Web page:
which leads to an opening of calcium channels → increased calcium influx induces insulin secretion. excreted in bile .5 hours) Nateglinide predominantly metabolized by CYP450 2C9 (70%) and CYP3A4 (30%).Glinides ⇨ Short-acting insulin secretagogues (repaglinide. nateglinide) Mechanism of action : ⇨ ⇨ Repaglinide closes ATP-dependent potassium channels in the β-cell membrane by binding at characterizable sites → potassium channel blockade depolarizes the β-cell. The ion channel mechanism is highly tissue selective with low affinity for heart and skeletal muscle Kinetics: ⇨ ⇨ Rapidly absorbed. short half-life (1 – 1. repaglinide predominantly metabolized by CYP3A4. renal elimination.
15% repaglinide vs glyburide (15%) & glipizide (19%) ⇨ Weight gain : 2 – 3 kg with repaglinide. < 1 kg with nateglinide Drug interaction ⇨ No significant drug interaction have been reported .Efficacy ⇨ ⇨ Both (monotherapy) significantly reduce postprandial glucose and HbA1c level Lower efficacy of glinides vs sulfonylureas should be considered when patients are >1% above their HbA1c goal Adverse effects ⇨ Hypoglycemia (less than sulfonylurea) ⇨ Rates of hypoglycemia : 3% with nateglinide.
tyrosine kinase activity enhancement.Biguanide ⇨ Metformin : the only biguanide available in use ⇨ (Phenformin & Buformin withdrawn from market due to toxic effects) ⇨ Enhance insulin sensitivity in liver and peripheral (muscle) tissues ⇨ No direct effect on β-cells ⇨ Mechanisms: ⇨ AMP-activated protein kinase activity. glucose transporter 4 are all contributes on the activity of metformin .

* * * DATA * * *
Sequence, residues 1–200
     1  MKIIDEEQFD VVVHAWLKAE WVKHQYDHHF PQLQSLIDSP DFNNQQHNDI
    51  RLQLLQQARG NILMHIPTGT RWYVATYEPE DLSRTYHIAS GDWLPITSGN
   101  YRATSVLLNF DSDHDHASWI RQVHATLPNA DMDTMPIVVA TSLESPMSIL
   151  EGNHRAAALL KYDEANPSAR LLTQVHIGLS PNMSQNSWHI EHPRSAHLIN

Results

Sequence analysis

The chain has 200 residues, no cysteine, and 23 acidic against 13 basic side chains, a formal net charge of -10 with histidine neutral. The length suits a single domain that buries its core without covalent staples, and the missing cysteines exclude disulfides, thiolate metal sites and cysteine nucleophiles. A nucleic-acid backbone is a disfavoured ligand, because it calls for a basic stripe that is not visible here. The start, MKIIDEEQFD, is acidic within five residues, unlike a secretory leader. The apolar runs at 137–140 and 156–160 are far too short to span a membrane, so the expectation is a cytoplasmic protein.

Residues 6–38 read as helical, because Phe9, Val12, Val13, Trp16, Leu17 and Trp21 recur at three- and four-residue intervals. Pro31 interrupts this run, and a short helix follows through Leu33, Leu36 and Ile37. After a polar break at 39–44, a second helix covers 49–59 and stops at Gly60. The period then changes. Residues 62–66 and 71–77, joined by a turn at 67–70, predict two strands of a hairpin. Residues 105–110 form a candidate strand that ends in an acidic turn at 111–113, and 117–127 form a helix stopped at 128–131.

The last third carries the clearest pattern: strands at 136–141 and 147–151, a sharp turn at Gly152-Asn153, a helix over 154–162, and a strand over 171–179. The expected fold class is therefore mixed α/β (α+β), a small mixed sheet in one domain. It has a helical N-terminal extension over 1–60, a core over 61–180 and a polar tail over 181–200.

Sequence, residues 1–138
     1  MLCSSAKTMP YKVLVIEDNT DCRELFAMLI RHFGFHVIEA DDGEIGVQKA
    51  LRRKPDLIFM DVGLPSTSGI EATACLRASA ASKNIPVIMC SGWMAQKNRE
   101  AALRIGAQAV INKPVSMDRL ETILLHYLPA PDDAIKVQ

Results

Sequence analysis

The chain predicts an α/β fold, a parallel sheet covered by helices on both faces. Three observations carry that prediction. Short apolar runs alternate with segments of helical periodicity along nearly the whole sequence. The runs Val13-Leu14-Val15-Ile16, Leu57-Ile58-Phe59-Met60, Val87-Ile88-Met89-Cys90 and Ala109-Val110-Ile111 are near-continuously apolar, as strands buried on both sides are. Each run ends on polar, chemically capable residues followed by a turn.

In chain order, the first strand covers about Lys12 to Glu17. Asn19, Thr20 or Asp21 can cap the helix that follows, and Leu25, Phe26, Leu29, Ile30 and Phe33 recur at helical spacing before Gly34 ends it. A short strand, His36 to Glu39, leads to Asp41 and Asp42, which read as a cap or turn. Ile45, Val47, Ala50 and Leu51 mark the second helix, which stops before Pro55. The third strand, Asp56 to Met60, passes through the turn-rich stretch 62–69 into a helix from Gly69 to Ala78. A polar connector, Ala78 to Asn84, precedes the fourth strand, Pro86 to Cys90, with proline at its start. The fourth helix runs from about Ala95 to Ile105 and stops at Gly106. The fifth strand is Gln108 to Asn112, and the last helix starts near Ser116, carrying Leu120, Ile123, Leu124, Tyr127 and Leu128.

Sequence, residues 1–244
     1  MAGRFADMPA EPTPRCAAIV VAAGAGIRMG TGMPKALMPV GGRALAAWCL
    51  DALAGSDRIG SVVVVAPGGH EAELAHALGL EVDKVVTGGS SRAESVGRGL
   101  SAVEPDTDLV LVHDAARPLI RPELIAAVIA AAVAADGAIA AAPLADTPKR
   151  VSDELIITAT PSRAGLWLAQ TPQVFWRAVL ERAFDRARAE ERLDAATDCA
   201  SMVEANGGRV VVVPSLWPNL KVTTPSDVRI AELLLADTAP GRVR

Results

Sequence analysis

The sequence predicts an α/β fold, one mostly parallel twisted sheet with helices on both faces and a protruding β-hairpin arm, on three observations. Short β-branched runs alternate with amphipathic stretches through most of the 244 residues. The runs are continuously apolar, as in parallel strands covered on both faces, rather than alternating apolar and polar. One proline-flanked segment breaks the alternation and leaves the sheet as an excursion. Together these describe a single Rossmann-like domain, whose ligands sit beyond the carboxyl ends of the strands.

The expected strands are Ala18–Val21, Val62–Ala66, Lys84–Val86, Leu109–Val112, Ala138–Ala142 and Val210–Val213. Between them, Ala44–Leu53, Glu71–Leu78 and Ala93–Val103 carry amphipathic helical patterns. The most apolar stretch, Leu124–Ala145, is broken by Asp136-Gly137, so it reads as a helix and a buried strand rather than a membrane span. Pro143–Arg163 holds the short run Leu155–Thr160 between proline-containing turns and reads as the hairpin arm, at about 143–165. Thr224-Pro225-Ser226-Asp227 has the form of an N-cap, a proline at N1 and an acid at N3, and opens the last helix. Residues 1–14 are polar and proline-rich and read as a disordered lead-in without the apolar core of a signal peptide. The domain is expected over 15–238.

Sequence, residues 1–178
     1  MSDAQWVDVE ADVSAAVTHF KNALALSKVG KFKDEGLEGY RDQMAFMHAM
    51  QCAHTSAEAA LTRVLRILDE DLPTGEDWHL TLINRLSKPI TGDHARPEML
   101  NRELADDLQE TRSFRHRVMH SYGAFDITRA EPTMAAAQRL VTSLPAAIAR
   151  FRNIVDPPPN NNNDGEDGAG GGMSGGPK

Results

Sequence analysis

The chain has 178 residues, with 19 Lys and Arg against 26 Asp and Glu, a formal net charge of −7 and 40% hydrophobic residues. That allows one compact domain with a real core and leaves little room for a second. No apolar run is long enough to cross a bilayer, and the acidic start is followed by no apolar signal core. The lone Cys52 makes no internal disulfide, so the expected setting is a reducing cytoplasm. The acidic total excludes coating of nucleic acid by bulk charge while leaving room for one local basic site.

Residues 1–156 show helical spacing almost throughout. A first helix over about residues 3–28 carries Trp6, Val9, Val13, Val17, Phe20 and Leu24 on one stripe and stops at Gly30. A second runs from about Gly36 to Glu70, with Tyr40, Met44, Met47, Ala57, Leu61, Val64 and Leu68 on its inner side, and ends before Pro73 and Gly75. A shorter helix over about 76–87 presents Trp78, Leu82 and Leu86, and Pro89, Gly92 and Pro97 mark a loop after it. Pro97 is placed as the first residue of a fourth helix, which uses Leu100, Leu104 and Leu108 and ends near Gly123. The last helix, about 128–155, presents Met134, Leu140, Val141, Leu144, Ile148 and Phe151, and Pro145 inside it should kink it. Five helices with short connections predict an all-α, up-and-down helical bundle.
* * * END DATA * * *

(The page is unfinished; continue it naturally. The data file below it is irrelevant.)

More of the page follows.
Kinetics : ⇨ ⇨ ⇨ ⇨ ⇨ 50 – 60 % oral bioavailability Low lipid solubility.5 – 2 % Reduce fasting plasma glucose 60 – 80 mg/dl Retain its glucose-reducing ability at extremely high glucose level (>300 mg/dl) Reduce plasma triglycerides & LDL-C by 8 . Vd approximate body water Metformin is not metabolized & does not bind to plasma protein Eliminated by renal tubular secretion & glomerular filtration Average half-life 6 hours Efficacy ⇨ ⇨ ⇨ ⇨ Consistently reduce HbA1c level by 1.15% .
vancomicin . digoxin. procainamide. stomach upset. quinidine. lessening within several weeks ⇨ ⇨ Lactic acidosis (rare) Metformin is contraindicated in renal insufficiency (renal elimination) Drug interaction: ⇨ Cationic drugs may compete on renal tubular secretion :cimetidine. trimethoprim. &/ diarrhea in approximately 30% of patients Anorexia & stomach fullness → contribute on weight loss effect of metformin GI side effect tend to be transiet.Adverse effects: ⇨ GI side effects : ⇨ ⇨ ⇨ Abdominal discomfort.